Bruckner’s Ninth Symphony, unfinished, received its first performance in 1903, seven years after the composer’s death. Mahler, who knew the score but was not at the concert, wrote to his wife Alma, that it was ‘the highest culmination of nonsense’. Since then, however, those three movements have come to be regarded as amongst the greatest of symphonic achievements of the 19th century.

Yordan Kamdzhalov © Amit Katzir
Yordan Kamdzhalov
© Amit Katzir

Now, a hundred years later, we are slowly becoming familiar with what Bruckner was writing for the finale up until the day he died. It is strange and disturbing music, and many of those devoted to the three-movement performances find themselves echoing Mahler’s response to the preceding movements: nonsense! But the symphony was always designed to chart a course from darkness to light, the desperate path through the darkness ‘swept with confused alarms of struggle and flight’, the blessing of a visionary transfiguration only to be bestowed at the very end. And there’s the problem: the final pages were either never written down, or failed to survive the predations of vultures who descended on Bruckner’s estate the day he died.

Think now of the challenge presented to the conductor and his musicians: to shatter our devotion to the three-movement symphony, interpreting it now in such a way that the finale has become absolutely necessary! And then to play it with such passionate conviction that Bruckner’s music, as made performable by the forensic in-fills and additions of modern scholars, gives at least some shuddering apprehension of the extraordinary territory over which the composer sought to travel to his heaven-storming destination. It was in this finale that Yordan Kamdzhalov’s prowess as a visionary conductor was revealed at its strongest, the structure and the pacing of the movement judged such that, for all its seemingly wayward diversions, its purposefulness was never in doubt, and the coda that the ‘completers’ had provided (in the absence of little more than a few reports and a few hints from Bruckner’s manuscripts) gave us at least some intimation of the great song of praise with which the symphony was to have ended. I have now heard many performances of the finale, including that by Sir Simon Rattle and the Berlin Philharmonic, but at this point Kamdzhalov outshone them all.

There had been much that was impressive in the early movements. The shaping and playing of the opening horn theme was glorious and the balancing of voices in the second theme group particularly effective. It’s good to hear the first violins’ sustained melody sound so clearly out of the thick contrapuntal texture to start with, and thereafter to be entranced by the changing colours of the orchestration as different voices are taken up by strings and woodwinds. Kamdzhalov launched the coda, his arm extended to the woodwind, their jagged double-dotted leaps becoming totally mesmeric, and thereafter he shaped the vast paragraph to devastating effect.

The Heidelberg Philharmonic has a characterful oboe, which at times could be a little obtrusive, but helped to make the dissonant held chord that opens the Scherzo sound really malevolent, and the great thumping fortissimo theme when it burst in had terrifying brutality. Even more unsettling was the swift trio, scampering nightmarishly across the landscape before the stamping monsters returned. The strings acquitted themselves well here, which was not always the case in this performance where there were occasional imprecisions and a sense that some desks further back were not always as committed as their colleagues at the front.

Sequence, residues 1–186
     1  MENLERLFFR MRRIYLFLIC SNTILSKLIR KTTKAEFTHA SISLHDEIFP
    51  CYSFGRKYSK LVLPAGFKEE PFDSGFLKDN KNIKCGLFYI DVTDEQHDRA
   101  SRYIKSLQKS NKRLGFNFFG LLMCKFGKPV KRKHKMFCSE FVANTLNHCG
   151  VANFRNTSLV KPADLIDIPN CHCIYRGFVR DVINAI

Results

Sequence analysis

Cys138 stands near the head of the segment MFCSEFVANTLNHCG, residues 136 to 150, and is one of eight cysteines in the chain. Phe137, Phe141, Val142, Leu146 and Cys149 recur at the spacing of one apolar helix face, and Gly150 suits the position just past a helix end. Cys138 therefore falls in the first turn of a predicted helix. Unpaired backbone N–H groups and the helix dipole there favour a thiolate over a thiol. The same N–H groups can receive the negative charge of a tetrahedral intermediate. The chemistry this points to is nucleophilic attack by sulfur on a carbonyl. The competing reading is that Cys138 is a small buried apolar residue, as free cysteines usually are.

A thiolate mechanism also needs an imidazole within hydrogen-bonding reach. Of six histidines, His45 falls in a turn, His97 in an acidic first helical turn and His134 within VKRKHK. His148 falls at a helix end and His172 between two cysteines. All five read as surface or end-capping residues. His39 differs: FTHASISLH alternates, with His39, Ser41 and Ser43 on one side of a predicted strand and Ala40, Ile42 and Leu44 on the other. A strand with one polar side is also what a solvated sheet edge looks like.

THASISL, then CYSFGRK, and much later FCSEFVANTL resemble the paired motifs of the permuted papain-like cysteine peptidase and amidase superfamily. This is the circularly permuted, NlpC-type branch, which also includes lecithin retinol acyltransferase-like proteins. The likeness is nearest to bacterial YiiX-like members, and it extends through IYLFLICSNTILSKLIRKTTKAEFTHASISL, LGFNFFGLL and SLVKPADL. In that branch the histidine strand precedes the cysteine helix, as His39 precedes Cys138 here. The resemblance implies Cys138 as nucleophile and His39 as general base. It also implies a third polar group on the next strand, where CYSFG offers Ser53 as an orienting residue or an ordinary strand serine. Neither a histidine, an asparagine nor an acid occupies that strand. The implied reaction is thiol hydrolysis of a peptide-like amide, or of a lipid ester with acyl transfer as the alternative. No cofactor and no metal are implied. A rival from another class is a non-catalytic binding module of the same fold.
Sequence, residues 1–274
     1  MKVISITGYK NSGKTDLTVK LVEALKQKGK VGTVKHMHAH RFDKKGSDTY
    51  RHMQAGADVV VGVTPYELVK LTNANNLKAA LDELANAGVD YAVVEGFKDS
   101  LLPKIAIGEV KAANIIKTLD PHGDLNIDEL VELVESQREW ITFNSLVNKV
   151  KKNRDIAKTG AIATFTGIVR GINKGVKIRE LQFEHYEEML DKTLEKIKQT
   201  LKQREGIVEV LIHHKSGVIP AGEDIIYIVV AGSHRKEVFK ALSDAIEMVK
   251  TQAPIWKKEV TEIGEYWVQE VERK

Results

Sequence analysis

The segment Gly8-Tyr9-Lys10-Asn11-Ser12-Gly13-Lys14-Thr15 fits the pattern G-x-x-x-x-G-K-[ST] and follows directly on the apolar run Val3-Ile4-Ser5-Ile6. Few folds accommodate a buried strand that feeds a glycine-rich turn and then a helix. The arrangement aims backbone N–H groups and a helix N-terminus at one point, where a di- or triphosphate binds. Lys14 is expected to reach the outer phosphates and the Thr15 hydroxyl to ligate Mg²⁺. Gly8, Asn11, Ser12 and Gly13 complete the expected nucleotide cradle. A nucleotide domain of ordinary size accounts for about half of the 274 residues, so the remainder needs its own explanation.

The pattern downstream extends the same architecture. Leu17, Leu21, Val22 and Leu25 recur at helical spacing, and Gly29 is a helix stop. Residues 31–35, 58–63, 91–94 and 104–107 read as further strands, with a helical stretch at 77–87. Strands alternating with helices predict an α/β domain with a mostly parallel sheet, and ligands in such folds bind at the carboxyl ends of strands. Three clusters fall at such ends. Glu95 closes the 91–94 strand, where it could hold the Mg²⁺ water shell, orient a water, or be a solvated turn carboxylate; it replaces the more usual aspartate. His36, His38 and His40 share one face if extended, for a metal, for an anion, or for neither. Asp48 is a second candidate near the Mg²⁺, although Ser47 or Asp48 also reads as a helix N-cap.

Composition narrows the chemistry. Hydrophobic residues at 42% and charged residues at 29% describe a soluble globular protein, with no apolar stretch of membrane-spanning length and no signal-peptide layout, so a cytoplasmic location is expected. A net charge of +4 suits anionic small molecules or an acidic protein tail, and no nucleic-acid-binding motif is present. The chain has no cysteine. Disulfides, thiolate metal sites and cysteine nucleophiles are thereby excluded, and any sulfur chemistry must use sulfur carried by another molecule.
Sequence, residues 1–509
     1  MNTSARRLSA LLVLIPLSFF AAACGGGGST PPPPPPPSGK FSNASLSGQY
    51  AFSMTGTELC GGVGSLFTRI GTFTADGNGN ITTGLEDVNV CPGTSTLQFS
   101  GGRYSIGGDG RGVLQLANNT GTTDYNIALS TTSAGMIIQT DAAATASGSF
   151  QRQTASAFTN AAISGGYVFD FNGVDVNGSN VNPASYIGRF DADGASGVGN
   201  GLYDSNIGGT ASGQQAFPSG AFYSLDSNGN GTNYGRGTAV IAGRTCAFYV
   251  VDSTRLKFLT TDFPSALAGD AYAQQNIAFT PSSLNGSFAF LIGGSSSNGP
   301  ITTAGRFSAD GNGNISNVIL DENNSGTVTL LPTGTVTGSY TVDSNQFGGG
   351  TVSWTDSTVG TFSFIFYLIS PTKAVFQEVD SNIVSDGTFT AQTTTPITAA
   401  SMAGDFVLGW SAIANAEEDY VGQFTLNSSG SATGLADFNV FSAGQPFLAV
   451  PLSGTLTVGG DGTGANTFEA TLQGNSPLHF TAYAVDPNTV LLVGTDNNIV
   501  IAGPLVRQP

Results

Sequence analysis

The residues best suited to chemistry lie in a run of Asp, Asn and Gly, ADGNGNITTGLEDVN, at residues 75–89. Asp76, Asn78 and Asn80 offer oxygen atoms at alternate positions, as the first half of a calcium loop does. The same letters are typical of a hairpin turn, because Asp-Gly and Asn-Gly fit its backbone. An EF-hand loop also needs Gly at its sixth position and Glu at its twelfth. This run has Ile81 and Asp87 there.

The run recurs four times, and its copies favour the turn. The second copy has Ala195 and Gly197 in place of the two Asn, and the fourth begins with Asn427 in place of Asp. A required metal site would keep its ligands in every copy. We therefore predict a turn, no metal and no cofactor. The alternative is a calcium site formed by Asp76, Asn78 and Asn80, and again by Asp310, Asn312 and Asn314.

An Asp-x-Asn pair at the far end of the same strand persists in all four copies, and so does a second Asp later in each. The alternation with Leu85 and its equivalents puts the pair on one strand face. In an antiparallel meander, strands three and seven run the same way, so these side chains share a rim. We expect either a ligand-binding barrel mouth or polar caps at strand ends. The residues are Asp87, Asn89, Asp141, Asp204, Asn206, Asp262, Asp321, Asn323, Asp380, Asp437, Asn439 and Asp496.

The Adagio is perhaps the movement that needs most careful readjustment for a four movement performance. Maybe a long, drawn-out farewell at the end is now inappropriate, but the great dissonant climax must have full power, it is the great crisis, the deepest moment of darkness out of which the finale must lead, and it was here that I felt Kamdzhalov’s approach may have faltered. Although there had been some wonderful playing - the second subject sang gloriously and the Wagner-tubas’ ‘farewell to life’ chorale (and indeed, the horn playing throughout) was as beautiful and as noble as you could wish - the movement didn’t quite culminate as powerfully as it should. But this is an immense work, and it was amazing that the concentration and passion apparent as the symphony began were maintained as Kamdzhalov proceeded attacca into the finale, and blazed with full power through to the end.

The emotional terrain covered by Vasks’ Distant Light - a violin concerto - is also directed towards the illumination of spiritual darkness, albeit expressed with a softer-toned and less cataclysmic language. It begins and ends with barely audible motivic fragments on the violin, played with immaculate assurance by Alina Pogostkina. Its first part is a lengthy, ‘soulful’ cantabile section, Pogostkina’s full tone supported by soft chords from the string orchestra. Two cadenzas punctuate the work, whose virtuosic demands she accomplished superbly. The livelier middle section, even though employing folk dance elements, never really escaped the plangent atmosphere of the first part, and after the second cadenza the nostalgic atmosphere returned, the sought-for light finally receding into the distance as the soloist fizzles off into the near-silent stratosphere.

This was Yordan Kamdzhalov’s final concert as General Music Director, Heidelberg and the Burgermeister made a speech. The concert's ambitious programming and earnest aspiration, and above all the profundity of interpretative inspiration that sustained the performance, confirm that his departure is a great loss to the cultural life of this university city.